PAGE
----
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Apr 212016

QUICK SHOT: Midnight Flash (Yongnuo 560 IV and YN560-TX)

By Jannik Pietsch


This photo was taken with my Lumix G7 with the standard 14-42mm lens and the (relatively) new Yongnuo flash set up which I have been enjoying a lot lately. I know a lot of people shy away from flashes but these are really worth a try and so easy to use!
I have two Yongnuo 560IV flashes which can be controlled and triggered by the YN560-TX module. I believe Yongnuo are the first to offer this, although do correct me if I am wrong. The module pops onto any camera’s hotshoe and from there, with the help of the screen, I can change the intensity and zoom of each individual flash and, as mentioned, trigger the flashes wirelessly. The range is claimed to be 100m. The great thing as well is that the flashes only need to be synced with the module once and never disconnect, which is really handy because syncing them is a bit of pain with a weird combination of button pressing. Both the module and the flashes use AA batteries. All in all, it just seems like a really simple and thought through product. It feels very complete.


Combine these flashes with some cheap umbrellas or soft boxes and the photos suddenly have such a professional look to them. Although the photo below was just taken with a one flash without a soft box.


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Feb 052014

On Patience

By Khoa Tran

“Sometimes, the best street photos are taken while wearing a backpack full of groceries…”

Recently, I thought about the differences in approach and style between myself and a photographer friend whose work I admire very much. He’s very good with small details, and I can just picture him (and I’ve actually seen him) spending a heck of a lot of time planning, setting up, and “getting” a particular shot. In contrast, I readily admit to being more of a “snapper who gets lucky.” I will also, however, admit to making my own luck.

While I do have my share of editorial (concert and sports) assignments, and the odd portrait and event gig, my favourite kind of photography is just having a camera with me wherever I go, without necessarily planning to shoot anything in particular.

I am lucky enough to live downtown in Old Montreal. I choose not to own a car, and I get about by walking, riding bikes (motorised and pedal-powered), and taking public transit. Often, I’ll see something and think to myself: “it’d make a great photo if only…” The trick,of course, is in seeing it through, and sometimes, seeing it through takes a bit of time.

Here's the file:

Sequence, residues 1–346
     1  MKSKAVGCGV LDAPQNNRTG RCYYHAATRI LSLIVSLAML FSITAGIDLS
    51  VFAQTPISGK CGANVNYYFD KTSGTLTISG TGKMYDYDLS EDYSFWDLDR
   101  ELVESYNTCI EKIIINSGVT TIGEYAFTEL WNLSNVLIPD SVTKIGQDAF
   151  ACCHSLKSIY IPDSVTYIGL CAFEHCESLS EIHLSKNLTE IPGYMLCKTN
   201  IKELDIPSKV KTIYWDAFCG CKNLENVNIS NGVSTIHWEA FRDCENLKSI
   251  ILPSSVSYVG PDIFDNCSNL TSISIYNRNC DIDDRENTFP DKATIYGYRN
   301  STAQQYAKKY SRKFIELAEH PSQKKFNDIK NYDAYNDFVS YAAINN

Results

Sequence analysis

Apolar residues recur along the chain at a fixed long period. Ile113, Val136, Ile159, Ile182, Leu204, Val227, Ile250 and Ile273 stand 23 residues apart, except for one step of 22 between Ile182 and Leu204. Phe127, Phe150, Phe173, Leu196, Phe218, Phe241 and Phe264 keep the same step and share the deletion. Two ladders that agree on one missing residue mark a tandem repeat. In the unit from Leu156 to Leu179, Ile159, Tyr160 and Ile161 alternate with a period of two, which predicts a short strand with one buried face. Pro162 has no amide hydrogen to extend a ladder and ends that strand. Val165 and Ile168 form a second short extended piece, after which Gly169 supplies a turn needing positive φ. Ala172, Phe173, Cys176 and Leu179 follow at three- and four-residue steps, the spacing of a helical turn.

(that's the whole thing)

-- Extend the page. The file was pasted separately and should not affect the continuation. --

In the winter, buildings often make visible steam from exhaust vents, and I’d noticed one in particular, going up a small hill on la rue St-Pierre. Over the past couple of winters, I’d tried to take a few shots of this scene, and it always occurred to me that it would be just perfect if I could catch someone walking through the fog of steam. If I were a more dedicated photographer, I’d find out what was making the steam, and, if possible, find out if there’s some sort of schedule to it, and either plan a shot with someone going through it, or just wait there and be patient until some random person would come through the right place at just the right time.

qui sait?

Olympus E-P3 with the M.Zuiko 14-42 mkII kit zoom

qui sait

Or… I could just happen to have one of my trusty Olympus PENs with me while walking home with a backpack full of groceries. I pass by this particular building fairly often, and I guess in the back of my mind, I knew that eventually I’d just luck out and find myself there at just the right time.

I ride the metro a lot, and I very often have a camera with me. In getting from point A to point B, I might have a photo or two to show for it. Public transit and subway stations are fascinating places. They are never a destination; they are places to which people will go in order to get Someplace Else. There are always people, but they never stay. They disappear off Elsewhere in the blink of an eye, in the heartbeat-quickening door-closing chimes, and the noisy whir of the train’s acceleration.

Over the years I’ve taken a lot of photos at subway and rapid transit stations in various cities (to the point where I am in the very early stages of planning an exhibition of these photos). It’s actually more often than not that I come home without anything noteworthy, but sometimes, just sometimes, I get something like this.

Peel Station, Christmas Eve 2013

Olympus E-PL5 with the Panasonic Lumix G 20mm f/1.7


This past Christmas was an odd one for me. Significant life changes and scheduling complications meant that I was to spend the holiday alone while most everyone else I knew had left town to spend it with their families. Thus, I decided that Christmas Eve was as good a day as any to replace my pair of worn and leaky boots. So I found myself in a metro station I don’t usually use, switched my camera to my usual “subway mode” (shutter-priority 1/8 or 1/6 of a second), noticed the stairs, and Got Lucky. There’s a weird sort of surreal, detached feeling to this particular photo that’s not entirely unlike spending Christmas alone.